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TicaAPA100133.jpg Martica Hall
Associate Professor of Psychiatry and Psychology and Clinical and Translational Science
Ph.D.
Western Psychiatric Institute and Clinic
3811 O'Hara Street; E-1131
Pittsburgh, PA 15213
Phone: (412) 246-6431
Email: hallmh@upmc.edu
Fax: (412) 246-5300
 
Education

BA, University of Memphis - 1989
MS, Uniformed Services University of Health Sciences - 1993
PhD, University of Pittsburgh - 1995
 
Research Interests
Dr. Hall’s research bridges two traditionally independent fields, biobehavioral medicine and sleep medicine. Her research program focuses on the sleep-health relationship, with a special emphasis on the bi-directional relationship between stress and sleep, and their impact on health and functioning. She has conducted naturalistic and experimental studies of acute and chronic stress and their effects on sleep and health in various populations including adolescents, college students, parents of sick children, women during menopause, patients with insomnia or major depression, mid- and late-life caregivers, and elders with bereavement-related depression. Dr. Hall has been the recipient of career development and independent investigator awards from the NIH and actively collaborates with colleagues on other NIH-funded studies in the areas of psychophysiology, endocrinology, psychoneuroimmunology, neurobiology and cardiovascular disease. As Co-Director of the Neuroscience-Clinical and Translational Research Center Laboratory, Dr. Hall has developed protocols for wrist actigraphy and in-home polysomnography, to study participants in their usual home environments, and protocols to quantify autonomic nervous system activity during sleep, in order to evaluate the physiological pathways linking psychological states, sleep and health. As Director of the Sleep Assessment and Resources Core of the Pittsburgh Mind-Body Center (www.pghmbc.org), Dr. Hall has developed educational programs and workshops to foster the growth of sleep research within the field of biobehavioral medicine research at local, national and international levels. She has mentored undergraduates, graduate and medical students and post-doctoral fellows in psychology, neuroscience, psychiatry, medicine and public health.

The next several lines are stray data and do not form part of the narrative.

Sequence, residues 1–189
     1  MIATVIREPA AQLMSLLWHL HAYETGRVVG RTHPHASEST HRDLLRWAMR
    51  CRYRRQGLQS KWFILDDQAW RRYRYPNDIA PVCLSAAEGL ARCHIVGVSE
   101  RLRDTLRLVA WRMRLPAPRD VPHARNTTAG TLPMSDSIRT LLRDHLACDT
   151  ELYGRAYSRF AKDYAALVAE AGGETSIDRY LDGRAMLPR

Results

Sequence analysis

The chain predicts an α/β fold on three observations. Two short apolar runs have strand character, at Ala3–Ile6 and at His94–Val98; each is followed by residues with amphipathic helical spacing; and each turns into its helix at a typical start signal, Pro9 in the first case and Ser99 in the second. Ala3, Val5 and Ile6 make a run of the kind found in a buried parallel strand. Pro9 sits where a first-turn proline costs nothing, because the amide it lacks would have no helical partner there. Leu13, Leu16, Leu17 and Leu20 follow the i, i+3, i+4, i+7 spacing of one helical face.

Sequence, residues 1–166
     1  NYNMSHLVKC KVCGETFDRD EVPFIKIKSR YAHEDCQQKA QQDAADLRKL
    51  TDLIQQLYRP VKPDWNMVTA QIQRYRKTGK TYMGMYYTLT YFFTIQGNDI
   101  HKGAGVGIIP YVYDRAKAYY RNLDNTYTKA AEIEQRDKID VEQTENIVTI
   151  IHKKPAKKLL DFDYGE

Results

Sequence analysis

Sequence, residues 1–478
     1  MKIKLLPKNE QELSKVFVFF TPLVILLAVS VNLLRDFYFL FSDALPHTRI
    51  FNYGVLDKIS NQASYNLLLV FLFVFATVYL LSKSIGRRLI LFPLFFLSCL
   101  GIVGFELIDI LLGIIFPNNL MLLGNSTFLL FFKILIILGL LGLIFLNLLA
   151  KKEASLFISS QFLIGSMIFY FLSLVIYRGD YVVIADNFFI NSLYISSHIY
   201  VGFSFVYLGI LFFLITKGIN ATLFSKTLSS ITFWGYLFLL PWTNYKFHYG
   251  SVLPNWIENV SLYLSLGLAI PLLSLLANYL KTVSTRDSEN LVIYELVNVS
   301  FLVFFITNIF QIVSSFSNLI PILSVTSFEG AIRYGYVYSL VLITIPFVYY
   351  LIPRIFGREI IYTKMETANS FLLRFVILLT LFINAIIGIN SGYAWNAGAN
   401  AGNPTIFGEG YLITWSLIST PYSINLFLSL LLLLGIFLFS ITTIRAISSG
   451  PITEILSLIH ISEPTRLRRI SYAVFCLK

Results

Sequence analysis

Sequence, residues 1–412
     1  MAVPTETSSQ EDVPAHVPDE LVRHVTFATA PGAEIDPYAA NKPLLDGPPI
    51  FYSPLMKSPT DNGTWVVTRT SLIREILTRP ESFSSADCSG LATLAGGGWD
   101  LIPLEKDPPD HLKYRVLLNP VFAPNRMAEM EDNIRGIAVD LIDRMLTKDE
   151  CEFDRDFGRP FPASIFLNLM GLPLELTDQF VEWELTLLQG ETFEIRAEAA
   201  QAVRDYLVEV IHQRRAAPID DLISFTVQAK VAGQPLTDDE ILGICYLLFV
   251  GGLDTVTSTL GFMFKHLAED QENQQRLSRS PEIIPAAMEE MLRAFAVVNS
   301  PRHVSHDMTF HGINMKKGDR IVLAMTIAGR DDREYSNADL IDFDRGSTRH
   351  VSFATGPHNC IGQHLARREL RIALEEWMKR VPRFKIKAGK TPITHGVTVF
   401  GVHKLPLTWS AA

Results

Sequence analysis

Publications
Select from 71 peer-reviewed publications

Hall M, Buysse DJ, Dew MA, Prigerson HG, Kupfer DJ, Reynolds CF. Intrusive thoughts and avoidance behaviors are associated with sleep disturbances in bereavement-related depression. Depression and Anxiety, 6:106-12, 1997.

Hall M, Baum A, Buysse DJ, Prigerson HG, Kupfer DJ, Reynolds CF. Sleep as a mediator of the stress-immune relationship. Psychosomatic Medicine, 60:48-51, 1998.

Hall M, Buysse DJ, Nowell PD, Nofzinger EA, Houck P, Reynolds CF, Kupfer DJ. Symptoms of stress and depression as correlates of sleep in primary insomnia. Psychosomatic Medicine, 62:227-230, 2000.

Germain A, Buysse DJ, Ombao H, Kupfer DJ, Hall M. Psychophysiological reactivity and coping styles influence the effects of acute stress exposure on REM sleep. Psychosomatic Medicine, 65:857-864, 2003.

Hall M, Vasko R, Buysse DJ, Ombao H, Chen Q, Cashmere JD, Kupfer DJ, Thayer JF. Acute stress affects heart rate variability during sleep. Psychosomatic Medicine, 66:56-62, 2004.

Hall M, Thayer JF, Germain A, Moul D, Vasko R, Puhl M, Miewald J, Buysse DJ. Psychological stress is associated with heightened physiological arousal during NREM sleep in primary insomnia. Behavioral Sleep Medicine, 5(3):178-193, 2007.

Hall M, Buysse DJ, Nofzinger EA, Reynolds CF, Monk TH. Financial Strain is a Significant Correlate of Sleep Continuity Disturbances in Late-Life. Biological Psychology, 77: 217-222, 2008. PMCID: PMC2267650

Hall M, Muldoon MF, Jennings JR, Buysse DJ, Flory JD, Manuck SB. Self-reported Sleep Duration is Associated with the Metabolic Syndrome in Mid-life Adults. Sleep, 31(5):635-643, 2008. PMCID: PMC2398755

Sowers MF, Zheng H, Kravitz HM, Matthews KA, Bromberger JT, Gold EB, Owens J, Consens F, Hall M. Sex steroid hormone profiles are related to sleep measures from polysomnography and the Pittsburgh Sleep Quality Index. Sleep, 31(10):1339-49, 2008. PMCID: PMC2572739

Hall M, Matthews K, Kravitz H, Gold E, Buysse DJ, Bromberger J, Owens J, Sowers MF. Race and Financial Strain are Independent Correlates of Sleep in Mid-Life Women: The SWAN Sleep Study. Sleep, 32(1):73-82, 2009. PMCID: PMC2625326

Okun ML, Kravitz HM, Sowers MF, Moul DE, Buysse DJ, Hall M. Psychometric Evaluation of the Insomnia Symptom Questionnaire: A Self-report Measure to Identify Chronic Insomnia. Journal of Clinical Sleep Medicine, 5:41-51, 2009. PMCID: PMC2637165

Okun ML, Coussons-Read ME, Hall M. Disturbed Sleep is Associated with Increased C-reactive protein in Young Women. Brain, Behavior, and Immunity, 23:351-54, 2009.

Okun ML, Roberts JM, Marsland AL, Hall M. How disturbed sleep may be a risk factor for adverse pregnancy outcomes. A Hypothesis. Ob-Gyn Survey, 64:273-80, 2009.

Nabi H, Hall M, Koskenvuo M, Singh-Manoux A, Oksanen T, Suominen S, Kivimäki M, Vahtera J. Psychological and Somatic Symptoms of Anxiety and Risk of Coronary Heart Disease: The HeSSup Prospective Cohort Study. Biological Psychiatry, (in press).

Okun ML, Buysse DJ, Reynolds C, Monk T, Begley A, Hall M. What Constitutes Too Long of a Delay? Determining the Cortisol Awakening Response (CAR) Using Self-report and PSG-Assessed Wake Time. Psychoneuroendocrinology, (in press).
 
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